New Record, Opticians pt. II, and How to Recharge you Cell Phone Account

New Record

Holy smokes, yesterday’s photo gallery More Fun in the Philippines created a huge world-wide click storm, relatively speaking, for my blog, setting a new record for clicks to my blog.  Thanks to all three dozen or so of you who clicked through!

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The Opticians, Part II

I went to pick up my eyeglasses today from my new favorite opticians.  The new lenses are great.  The Mrs. Optician offered me my old lenses back, but 不用 I declined.  Then I asked them to look at a pair of cheap Shanghai glasses that I had bought, which in my drowsy state last night I had bent out of shape.  I thought about how I was going to express in Chinese that I had clumsily rolled over on my new glasses and bent them out of shape with my enormous weight…  but I realized it would take me until Thursday to figure out how to say that, so instead I mimed crushing them with my elbow, complete with a cute little lean. Whoopsie! (the actual crushing sound I made in Chinese was 嗯, which to me is a lot funnier that “whoopsie!”).

Mr. Optician had a look, and saw that the arms were uneven, so he started pushing them back into place, just by trial and error, getting them back into shape.  I started to say something like, “these are so cheap, I was afraid I would break them if I myself….”

“No no no!” says Mr. Optician, you just bring them here.

Today I was ready for rain, I wore proper shoes and carried my umbrella around with me all day.  By five o’clock it still hadn’t rained, so I asked the opticians 今天不會在下雨嗎?Isn’t it going to rain today?  They were like, no, hasn’t rained, not going to rain 今天不下雨。 So I said 今天不下雨因為我帶了雨傘, today it’s not raining because I brought my umbrella.  They had a good laugh at that.

By this point, Mr. Optician has my eyeglass frames right again, so he starts cleaning them up.  Mrs. Optician has helped me with my vocab requests, and I settled the bill.  Then I asked them, do you have better quality glasses that look like those?  Maybe I’ll come back on payday and buy some.

Mr. Optician immediately picked four off the wall to show me, they were really cool looking.   I saw that they were flexible titanium, and Mrs. Optician starts bending them in weird ways to show me how flexible they are.  你不能.. “嗯”, she says, miming the same elbow crush I had a mimed before; you can’t “whoopsie.”  Meanwhile, Mr. Optician is tying a pair into a giraffe, a flower, a dog…

I check the price tag, about $200.  No way, says Mrs. Optician, I’ll give them to you for less than $100.  Maybe I’ll go back on payday.  Do I need another set of glasses?  They are really cool.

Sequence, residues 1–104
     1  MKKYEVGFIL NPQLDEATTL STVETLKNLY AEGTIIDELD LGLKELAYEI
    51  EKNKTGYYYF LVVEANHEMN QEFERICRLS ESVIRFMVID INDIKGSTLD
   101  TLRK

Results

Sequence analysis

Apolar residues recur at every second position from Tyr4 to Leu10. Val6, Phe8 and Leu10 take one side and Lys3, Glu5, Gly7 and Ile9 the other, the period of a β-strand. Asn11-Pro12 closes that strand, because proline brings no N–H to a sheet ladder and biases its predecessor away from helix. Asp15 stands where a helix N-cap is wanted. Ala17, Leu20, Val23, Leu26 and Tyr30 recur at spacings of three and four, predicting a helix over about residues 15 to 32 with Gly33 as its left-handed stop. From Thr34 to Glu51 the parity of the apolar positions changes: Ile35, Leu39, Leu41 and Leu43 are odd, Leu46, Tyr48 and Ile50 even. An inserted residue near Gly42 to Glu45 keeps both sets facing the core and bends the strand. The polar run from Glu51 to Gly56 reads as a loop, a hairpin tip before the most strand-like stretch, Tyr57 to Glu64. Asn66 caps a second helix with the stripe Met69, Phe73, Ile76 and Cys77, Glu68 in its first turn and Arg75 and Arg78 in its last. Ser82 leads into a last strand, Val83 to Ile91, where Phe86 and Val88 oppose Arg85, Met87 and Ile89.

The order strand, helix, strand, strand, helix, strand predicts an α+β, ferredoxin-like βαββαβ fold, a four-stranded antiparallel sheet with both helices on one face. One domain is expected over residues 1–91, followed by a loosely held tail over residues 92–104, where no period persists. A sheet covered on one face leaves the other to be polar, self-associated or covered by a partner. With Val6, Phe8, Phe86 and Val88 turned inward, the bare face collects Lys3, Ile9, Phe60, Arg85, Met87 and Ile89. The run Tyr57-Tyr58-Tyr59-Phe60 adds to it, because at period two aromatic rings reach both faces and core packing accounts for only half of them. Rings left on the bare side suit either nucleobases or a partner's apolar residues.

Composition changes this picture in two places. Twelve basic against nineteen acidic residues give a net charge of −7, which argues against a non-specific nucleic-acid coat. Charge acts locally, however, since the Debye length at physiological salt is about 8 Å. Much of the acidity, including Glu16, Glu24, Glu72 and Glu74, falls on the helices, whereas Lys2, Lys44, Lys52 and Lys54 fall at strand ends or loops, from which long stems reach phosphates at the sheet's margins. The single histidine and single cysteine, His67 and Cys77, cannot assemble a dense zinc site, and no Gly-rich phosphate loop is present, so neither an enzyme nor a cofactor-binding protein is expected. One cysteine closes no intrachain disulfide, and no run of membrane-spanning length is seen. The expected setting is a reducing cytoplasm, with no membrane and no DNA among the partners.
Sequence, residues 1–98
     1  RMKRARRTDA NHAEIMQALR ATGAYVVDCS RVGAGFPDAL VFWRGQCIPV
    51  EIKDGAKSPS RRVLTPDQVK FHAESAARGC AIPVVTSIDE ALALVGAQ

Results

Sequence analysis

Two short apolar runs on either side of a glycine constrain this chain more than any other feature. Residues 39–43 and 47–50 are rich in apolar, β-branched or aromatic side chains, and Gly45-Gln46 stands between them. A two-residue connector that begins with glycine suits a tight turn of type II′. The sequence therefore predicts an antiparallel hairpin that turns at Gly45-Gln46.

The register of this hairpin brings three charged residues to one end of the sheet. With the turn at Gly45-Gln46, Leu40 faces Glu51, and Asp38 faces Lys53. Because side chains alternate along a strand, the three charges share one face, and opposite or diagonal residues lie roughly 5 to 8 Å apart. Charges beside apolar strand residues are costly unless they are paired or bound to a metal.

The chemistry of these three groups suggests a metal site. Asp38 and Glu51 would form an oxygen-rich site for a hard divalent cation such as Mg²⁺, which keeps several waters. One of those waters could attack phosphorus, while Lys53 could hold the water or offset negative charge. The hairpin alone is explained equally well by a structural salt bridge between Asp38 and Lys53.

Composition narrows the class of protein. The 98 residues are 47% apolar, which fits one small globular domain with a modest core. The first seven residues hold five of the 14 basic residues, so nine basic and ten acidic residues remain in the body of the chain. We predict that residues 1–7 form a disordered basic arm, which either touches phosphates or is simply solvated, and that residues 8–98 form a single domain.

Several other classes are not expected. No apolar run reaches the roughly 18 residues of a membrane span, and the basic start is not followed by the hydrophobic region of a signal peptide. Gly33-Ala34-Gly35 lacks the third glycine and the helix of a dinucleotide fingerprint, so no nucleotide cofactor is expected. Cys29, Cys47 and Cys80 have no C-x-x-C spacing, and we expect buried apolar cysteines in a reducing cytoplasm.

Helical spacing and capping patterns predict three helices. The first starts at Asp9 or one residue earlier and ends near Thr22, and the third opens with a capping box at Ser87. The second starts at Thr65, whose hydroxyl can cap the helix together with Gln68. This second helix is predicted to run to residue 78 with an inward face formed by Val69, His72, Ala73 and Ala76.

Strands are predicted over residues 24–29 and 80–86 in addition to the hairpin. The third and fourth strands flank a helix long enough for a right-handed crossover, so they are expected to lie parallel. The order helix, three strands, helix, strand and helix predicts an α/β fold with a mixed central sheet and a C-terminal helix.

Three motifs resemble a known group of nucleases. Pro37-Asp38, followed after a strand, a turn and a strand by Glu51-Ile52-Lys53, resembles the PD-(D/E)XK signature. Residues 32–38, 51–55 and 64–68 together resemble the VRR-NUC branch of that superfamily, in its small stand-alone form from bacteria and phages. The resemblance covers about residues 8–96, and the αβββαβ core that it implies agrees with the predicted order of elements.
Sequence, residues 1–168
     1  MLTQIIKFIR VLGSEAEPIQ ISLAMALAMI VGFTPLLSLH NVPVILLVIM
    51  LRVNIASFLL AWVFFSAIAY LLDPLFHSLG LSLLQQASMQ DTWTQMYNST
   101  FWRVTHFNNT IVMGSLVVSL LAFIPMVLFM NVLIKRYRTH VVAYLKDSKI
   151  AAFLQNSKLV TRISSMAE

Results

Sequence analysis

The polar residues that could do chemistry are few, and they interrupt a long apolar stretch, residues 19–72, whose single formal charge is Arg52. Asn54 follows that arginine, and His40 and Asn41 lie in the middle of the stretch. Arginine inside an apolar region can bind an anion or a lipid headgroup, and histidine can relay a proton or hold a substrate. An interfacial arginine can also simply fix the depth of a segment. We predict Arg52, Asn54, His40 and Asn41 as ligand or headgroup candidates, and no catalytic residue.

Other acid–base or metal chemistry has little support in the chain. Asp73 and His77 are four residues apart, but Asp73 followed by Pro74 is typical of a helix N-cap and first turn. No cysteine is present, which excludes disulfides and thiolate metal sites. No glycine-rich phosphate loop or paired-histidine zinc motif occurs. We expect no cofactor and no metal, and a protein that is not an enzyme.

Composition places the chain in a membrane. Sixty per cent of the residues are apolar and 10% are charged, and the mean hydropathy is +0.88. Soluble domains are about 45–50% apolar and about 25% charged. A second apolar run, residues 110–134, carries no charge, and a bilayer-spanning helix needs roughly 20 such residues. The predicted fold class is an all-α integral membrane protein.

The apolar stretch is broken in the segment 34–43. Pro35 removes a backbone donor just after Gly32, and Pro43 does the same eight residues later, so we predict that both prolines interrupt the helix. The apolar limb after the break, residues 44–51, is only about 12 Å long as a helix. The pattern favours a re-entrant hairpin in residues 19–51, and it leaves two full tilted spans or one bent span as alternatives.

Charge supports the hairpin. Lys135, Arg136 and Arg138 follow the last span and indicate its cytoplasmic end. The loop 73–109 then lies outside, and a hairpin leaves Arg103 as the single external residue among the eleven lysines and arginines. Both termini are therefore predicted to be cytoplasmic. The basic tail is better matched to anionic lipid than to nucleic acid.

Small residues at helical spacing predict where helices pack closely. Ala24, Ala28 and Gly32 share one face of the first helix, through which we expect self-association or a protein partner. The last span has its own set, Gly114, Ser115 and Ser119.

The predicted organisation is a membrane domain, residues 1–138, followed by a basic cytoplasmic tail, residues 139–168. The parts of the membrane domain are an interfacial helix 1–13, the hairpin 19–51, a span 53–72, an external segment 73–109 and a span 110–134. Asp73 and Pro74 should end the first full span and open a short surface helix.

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How to add money to your prepaid mobile account in Taipei

Step 1:  Go to the 7-11 on Roosevelt Road, next to Pucheng Street.  You will be greeted by  a nice kid, whose name tag says a bunch of things in Chinese, and then “Sham.”  Is that a name?

Step 2:  Tell Sham clumsily that you want to add money to your account.  He will mishear you and direct you to put your cell phone onto the Easy Card reader.  Let your mind explode a little as you realize that people must put their Easy Card (the debit card for subway and bus fare) on the back of their phones.

Step 3.  At this point, Sham realizes you’re recharging you cell phone account, not your Easy Card, so he distracts you from trying stupidly from trying to get the Easy Card reader to read your cell phone.  You’re trying to recharge your phone? he asks.  Three hundred kuai? (this is the minimum recharge).

Step 4.  Hand Sham three hundred kuai.  He will set it down and then go over to a cell phone recharging station and print out a ticket, which he scans in.  Then he takes your cash, and hands you the ticket, pointing out to you the code that you’ll need to enter.

Step 5.  Thank Sham.  Step to the side of the store and try to remember what number to call to recharge the account.  Was it 777?  Maybe if I call someone, a message will come on and tell me in English.  Call Skritter Jake‘s number, he’s out of town.

Step 6.  An automated message comes on in Chinese, saying… I don’t know, whatever it says.  And then an English translation… yes!  “your account is empty, sukka, go recharge it.”  (click).  Noooo!!!

Step 7.  Despair.  Your eyes will fill with tears.  Consider dialing 777 or 7777 or 77777 or whatever it was you vaguely remember.  Think about if you really need a phone, what with the miracle of facebook…

Step 8.  Turn to see Sham nodding and reaching for your phone.  He looks at the ticket he had given you, points to a random paragraph that’s a bunch of text, and then dials your phone:  777.  This is the number to call, he says, when you need to recharge your phone.  He points again to the random paragraph on the ticket.  At this point, Sham will go through the automated system for you, and punch in the number so that your prepaid account can recharge.  He hands it back to you when it’s done.  You’ll immediately receive a text message, saying that the recharge is successful.

That’s it!  Wasn’t that easy?  Step 9, thank Sham profusely.

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  • 牙刷 yáshuā: toothbrush
  • 行李箱 xínglǐxiāng: trunk; suitcase
  • 鏡片 jìngpiàn: lens; eyeglass
  • 度數 dùshù: number of degrees (used in China’s system for measuring eyesight)
  • 鏡框 jìngkuāng: picture frame / spectacle frame
  • 鼻子 bízi: nose
  • 鼻墊 bídiàn: Nose pads (eyeglasses)
  • 以為 yǐwéi: think (mistakenly); consider (that); believe
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